Blind Man with a Pistol

Virtual Victory

First: Go read Michael Geist on why Jim Prentice’s digital rights copyright bill is a betrayal.

Then: register your disapproval here and join the facebook group here.

What is most interesting about the mobilized outrage protests against Bill C-61 (what Geist cynically refers to as the Canadian version of the Digital Millennium Copyright Act (DMCA), the less strict American digital rights bill that the U.S. defeated) is that they have proven the viability of online, virtual protests. It appears to be a very real possibility that the growing facebook group, the online petition, and the automatically generated emails to MPs will change this bill. Even if the bill passes (with the Liberal Party of Canada’s usual strategy of sputtering anger followed by abstention) the online protest has educated thousands while inspiring political action and demand for change.

When politically motivated online protests emerged a few years ago, they were dismissed as a watered-down version of the marches and sit-ins of the 1960s. This is possibly true, but it is also true that contemporary politics are a watered-down version of their postwar counterparts. In fact, it was easy to be cynical about current marches against the wars in Iraq and Afghanistan. As Slavoj Žižek is fond of pointing out, most protests nowadays are virtual and toothless.

The big demonstrations in London and Washington against the US attack on Iraq a few years ago offer an exemplary case of this strange symbiotic relationship between power and resistance. Their paradoxical outcome was that both sides were satisfied. The protesters saved their beautiful souls: they made it clear that they don’t agree with the government’s policy on Iraq. Those in power calmly accepted it, even profited from it: not only did the protests in no way prevent the already-made decision to attack Iraq; they also served to legitimise it. Thus George Bush’s reaction to mass demonstrations protesting his visit to London, in effect: ‘You see, this is what we are fighting for, so that what people are doing here – protesting against their government policy – will be possible also in Iraq!’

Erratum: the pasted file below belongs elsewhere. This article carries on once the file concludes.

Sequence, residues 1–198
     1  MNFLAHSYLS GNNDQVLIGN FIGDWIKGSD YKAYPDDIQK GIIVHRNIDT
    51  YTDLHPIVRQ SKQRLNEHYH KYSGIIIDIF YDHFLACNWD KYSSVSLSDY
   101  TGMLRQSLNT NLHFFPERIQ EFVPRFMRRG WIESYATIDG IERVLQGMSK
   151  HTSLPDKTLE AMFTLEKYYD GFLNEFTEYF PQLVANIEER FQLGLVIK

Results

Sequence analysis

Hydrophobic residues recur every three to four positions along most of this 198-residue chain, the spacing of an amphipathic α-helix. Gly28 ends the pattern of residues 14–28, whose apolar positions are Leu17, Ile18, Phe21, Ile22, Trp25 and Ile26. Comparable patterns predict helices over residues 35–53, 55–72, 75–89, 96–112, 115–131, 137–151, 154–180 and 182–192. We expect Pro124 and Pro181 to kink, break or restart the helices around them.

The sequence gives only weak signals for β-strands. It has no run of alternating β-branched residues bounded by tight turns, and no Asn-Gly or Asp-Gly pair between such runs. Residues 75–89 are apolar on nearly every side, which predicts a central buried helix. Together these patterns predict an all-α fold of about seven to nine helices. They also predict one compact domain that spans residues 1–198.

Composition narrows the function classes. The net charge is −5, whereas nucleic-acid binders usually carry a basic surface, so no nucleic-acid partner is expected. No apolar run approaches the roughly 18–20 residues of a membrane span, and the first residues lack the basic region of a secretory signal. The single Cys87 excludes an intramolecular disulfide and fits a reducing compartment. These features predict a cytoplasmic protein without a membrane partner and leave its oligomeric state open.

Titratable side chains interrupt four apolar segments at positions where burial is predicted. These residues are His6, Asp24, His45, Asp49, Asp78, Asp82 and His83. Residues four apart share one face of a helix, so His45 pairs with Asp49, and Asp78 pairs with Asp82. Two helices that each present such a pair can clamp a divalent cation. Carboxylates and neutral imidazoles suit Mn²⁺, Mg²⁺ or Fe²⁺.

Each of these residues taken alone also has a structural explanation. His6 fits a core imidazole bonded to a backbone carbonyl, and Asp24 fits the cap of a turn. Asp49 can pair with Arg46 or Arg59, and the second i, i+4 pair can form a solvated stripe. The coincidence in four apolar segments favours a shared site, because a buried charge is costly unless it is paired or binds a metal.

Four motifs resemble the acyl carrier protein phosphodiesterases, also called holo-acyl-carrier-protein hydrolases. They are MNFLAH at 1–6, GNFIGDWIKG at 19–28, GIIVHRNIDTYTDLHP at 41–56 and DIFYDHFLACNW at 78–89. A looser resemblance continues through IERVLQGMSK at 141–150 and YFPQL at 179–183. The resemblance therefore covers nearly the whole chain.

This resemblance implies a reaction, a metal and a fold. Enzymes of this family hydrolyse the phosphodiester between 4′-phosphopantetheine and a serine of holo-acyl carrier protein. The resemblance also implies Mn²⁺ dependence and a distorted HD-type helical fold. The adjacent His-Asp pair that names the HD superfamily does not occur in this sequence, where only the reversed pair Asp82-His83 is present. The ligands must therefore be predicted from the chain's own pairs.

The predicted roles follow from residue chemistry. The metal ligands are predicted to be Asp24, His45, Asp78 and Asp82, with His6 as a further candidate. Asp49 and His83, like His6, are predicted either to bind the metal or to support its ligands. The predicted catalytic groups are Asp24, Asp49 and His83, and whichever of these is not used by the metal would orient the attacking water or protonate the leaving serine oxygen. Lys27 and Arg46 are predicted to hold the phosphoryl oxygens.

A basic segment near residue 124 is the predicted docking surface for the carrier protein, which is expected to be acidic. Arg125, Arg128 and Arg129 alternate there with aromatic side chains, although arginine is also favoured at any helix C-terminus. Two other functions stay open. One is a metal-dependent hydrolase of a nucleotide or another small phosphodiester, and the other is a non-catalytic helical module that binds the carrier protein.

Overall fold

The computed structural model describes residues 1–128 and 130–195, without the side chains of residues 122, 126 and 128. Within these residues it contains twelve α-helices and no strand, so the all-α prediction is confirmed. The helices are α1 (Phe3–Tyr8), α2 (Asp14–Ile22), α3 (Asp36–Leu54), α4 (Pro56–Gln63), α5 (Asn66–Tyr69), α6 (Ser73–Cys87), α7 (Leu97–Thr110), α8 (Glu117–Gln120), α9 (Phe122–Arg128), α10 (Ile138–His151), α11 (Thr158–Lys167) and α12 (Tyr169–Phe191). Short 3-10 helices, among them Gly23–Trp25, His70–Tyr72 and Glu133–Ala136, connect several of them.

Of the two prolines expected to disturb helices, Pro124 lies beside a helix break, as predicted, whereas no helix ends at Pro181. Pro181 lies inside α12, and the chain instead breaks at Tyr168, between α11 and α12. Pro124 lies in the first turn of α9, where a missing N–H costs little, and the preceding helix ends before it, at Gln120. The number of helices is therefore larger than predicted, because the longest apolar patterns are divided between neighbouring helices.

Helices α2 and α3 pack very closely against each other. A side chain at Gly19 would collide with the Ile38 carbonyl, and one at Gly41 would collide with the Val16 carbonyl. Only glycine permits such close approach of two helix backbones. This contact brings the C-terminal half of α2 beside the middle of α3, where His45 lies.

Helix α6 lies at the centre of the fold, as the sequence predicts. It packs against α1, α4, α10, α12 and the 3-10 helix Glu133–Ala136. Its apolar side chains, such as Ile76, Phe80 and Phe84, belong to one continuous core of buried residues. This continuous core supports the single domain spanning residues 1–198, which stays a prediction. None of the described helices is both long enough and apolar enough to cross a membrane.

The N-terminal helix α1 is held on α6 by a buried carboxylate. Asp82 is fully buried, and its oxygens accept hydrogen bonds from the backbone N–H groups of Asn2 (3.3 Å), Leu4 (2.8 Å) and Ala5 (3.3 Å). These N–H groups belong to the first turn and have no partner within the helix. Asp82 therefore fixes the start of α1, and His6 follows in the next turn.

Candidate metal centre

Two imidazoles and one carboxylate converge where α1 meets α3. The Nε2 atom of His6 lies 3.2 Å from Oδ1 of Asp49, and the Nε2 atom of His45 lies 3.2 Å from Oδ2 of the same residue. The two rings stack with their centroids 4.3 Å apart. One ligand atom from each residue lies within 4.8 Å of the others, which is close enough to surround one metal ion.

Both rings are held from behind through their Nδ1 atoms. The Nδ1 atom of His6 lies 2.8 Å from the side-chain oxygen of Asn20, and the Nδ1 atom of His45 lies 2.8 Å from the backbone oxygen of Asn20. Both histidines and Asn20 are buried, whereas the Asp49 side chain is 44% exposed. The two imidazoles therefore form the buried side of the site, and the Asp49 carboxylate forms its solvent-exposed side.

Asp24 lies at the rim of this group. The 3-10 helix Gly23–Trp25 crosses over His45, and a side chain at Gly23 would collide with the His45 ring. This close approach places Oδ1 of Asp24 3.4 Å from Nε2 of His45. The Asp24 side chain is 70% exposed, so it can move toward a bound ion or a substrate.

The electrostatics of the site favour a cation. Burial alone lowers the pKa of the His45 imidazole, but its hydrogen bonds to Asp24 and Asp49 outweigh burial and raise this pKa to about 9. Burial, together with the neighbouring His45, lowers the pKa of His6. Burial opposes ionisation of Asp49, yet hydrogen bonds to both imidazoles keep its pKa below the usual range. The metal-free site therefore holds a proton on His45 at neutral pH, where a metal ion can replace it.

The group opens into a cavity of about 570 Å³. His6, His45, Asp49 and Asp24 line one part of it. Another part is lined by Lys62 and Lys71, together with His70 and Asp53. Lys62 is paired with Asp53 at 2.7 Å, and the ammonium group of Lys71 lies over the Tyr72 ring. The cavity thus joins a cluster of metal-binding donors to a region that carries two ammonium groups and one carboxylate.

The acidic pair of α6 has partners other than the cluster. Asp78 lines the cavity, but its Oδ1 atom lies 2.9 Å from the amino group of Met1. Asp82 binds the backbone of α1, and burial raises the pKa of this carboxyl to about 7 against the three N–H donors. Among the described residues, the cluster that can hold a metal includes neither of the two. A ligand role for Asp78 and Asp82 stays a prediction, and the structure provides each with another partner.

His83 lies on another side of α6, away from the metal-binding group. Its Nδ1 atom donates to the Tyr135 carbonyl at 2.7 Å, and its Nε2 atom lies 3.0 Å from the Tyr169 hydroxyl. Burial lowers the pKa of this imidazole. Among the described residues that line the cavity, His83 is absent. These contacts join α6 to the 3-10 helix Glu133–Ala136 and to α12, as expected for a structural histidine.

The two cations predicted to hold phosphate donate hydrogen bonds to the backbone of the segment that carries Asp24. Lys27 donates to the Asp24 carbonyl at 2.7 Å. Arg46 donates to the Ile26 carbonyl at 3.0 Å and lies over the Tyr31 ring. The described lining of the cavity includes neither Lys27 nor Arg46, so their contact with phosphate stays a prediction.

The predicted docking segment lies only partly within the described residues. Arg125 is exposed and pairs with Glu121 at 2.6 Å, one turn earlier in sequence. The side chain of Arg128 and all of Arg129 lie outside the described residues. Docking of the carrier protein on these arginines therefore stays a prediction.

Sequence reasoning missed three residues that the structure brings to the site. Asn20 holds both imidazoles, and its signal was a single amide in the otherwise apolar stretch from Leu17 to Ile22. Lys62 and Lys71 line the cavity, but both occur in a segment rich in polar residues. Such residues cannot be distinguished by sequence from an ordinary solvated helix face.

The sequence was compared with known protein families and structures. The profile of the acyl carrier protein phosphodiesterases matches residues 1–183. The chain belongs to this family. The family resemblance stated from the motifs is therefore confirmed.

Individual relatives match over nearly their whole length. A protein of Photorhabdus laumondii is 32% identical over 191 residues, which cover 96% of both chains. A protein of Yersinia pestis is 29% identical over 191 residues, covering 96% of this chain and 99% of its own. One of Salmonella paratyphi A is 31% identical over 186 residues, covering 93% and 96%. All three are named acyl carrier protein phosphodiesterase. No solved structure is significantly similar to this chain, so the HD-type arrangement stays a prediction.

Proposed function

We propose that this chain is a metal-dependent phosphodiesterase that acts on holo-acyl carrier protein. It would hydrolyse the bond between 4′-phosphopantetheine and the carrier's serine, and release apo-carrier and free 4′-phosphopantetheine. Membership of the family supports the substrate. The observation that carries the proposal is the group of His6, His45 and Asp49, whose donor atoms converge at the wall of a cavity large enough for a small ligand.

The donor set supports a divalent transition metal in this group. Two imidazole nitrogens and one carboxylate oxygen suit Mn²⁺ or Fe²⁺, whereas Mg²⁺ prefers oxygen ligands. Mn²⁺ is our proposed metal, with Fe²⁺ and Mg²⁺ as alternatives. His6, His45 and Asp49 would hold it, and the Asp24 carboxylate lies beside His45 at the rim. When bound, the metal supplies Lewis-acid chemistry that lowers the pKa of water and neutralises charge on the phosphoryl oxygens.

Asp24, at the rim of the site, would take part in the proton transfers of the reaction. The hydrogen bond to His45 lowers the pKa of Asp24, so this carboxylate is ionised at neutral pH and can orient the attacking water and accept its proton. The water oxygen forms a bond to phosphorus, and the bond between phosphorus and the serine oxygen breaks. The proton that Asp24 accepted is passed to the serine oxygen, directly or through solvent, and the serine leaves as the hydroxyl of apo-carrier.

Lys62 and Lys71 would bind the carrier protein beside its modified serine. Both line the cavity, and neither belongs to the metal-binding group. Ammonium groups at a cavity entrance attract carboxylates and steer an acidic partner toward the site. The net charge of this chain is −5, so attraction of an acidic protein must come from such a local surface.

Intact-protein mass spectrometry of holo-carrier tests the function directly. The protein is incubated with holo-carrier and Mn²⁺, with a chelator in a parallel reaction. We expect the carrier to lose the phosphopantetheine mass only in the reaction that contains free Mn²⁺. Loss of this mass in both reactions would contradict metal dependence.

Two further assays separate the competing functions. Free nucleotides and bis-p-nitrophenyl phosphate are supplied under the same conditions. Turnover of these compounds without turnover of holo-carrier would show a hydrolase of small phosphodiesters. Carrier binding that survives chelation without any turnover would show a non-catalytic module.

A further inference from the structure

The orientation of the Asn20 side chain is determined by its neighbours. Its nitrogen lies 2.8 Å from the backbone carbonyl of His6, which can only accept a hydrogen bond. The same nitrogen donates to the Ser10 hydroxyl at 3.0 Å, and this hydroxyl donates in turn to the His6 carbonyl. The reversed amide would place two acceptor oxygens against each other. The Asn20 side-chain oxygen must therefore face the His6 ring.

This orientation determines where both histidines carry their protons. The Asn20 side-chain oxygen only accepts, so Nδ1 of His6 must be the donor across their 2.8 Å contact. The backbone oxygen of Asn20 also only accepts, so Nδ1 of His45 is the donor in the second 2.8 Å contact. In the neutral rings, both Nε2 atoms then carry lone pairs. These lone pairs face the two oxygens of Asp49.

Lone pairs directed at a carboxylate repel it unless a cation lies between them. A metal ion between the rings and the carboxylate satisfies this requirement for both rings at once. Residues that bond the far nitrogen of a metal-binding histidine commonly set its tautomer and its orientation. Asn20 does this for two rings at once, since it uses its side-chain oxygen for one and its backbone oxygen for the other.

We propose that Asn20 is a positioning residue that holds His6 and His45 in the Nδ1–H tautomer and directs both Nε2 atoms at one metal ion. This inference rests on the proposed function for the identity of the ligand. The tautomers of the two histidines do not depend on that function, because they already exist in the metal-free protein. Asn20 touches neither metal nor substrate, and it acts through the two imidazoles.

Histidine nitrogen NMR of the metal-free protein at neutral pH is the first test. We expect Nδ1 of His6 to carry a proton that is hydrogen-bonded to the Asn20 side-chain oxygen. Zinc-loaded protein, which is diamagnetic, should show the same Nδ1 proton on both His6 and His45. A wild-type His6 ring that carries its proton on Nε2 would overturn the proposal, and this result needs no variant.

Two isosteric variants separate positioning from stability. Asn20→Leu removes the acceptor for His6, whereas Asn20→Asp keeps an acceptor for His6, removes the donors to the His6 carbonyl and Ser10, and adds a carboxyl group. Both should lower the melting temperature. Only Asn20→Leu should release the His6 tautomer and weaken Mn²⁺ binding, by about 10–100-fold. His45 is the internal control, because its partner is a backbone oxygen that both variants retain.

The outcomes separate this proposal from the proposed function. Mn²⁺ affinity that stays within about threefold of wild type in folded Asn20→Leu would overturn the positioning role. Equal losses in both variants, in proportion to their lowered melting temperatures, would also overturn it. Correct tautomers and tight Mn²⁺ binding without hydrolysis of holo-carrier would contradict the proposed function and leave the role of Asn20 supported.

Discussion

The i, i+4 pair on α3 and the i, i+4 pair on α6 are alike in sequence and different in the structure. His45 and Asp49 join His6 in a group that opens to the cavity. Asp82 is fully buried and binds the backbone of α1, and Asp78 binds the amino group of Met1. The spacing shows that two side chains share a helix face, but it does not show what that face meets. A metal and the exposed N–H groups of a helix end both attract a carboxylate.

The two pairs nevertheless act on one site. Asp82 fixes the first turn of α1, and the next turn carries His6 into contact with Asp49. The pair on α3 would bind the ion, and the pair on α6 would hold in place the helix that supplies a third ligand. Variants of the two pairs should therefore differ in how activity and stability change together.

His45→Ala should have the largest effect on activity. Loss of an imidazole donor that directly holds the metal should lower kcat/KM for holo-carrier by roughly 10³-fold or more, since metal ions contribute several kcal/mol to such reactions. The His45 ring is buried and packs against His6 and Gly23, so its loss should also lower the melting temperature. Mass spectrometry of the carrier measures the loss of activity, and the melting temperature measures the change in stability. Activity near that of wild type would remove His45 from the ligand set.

Žižek is the comedic provocateur of philosophy, so perhaps it’s best to take him skeptically. But it is difficult to rid ourselves of the defeatism and pessimism that came with the failure of the anti-war protests to actually stop the war. And while it appears to me that there is a significant disparity of degree between protesting the slaughter of hundreds of thousands and digital copyright, the chance for success for the (actually) virtual protest is greater than the (virtually) actual one.

It is possible that this virtual action is finding traction because it occurs in the medium it affects. But more than this, I think it demonstrates that there is no virtual anymore.  Or, rather, it’s all virtual. After all, isn’t the intention of the digital lock provisions in C-61 in part, to make the virtual physical property? To deny digital proliferation online and shore up its singularity and uniqueness? I’ve always been suspicious of appeals to the “real world” (perhaps, as a graduate student of literature, that’s a matter of psychological denial) and this latest online protest seems to confirm those suspicions. Virtual political action isn’t opposed to the real world, it is the real world.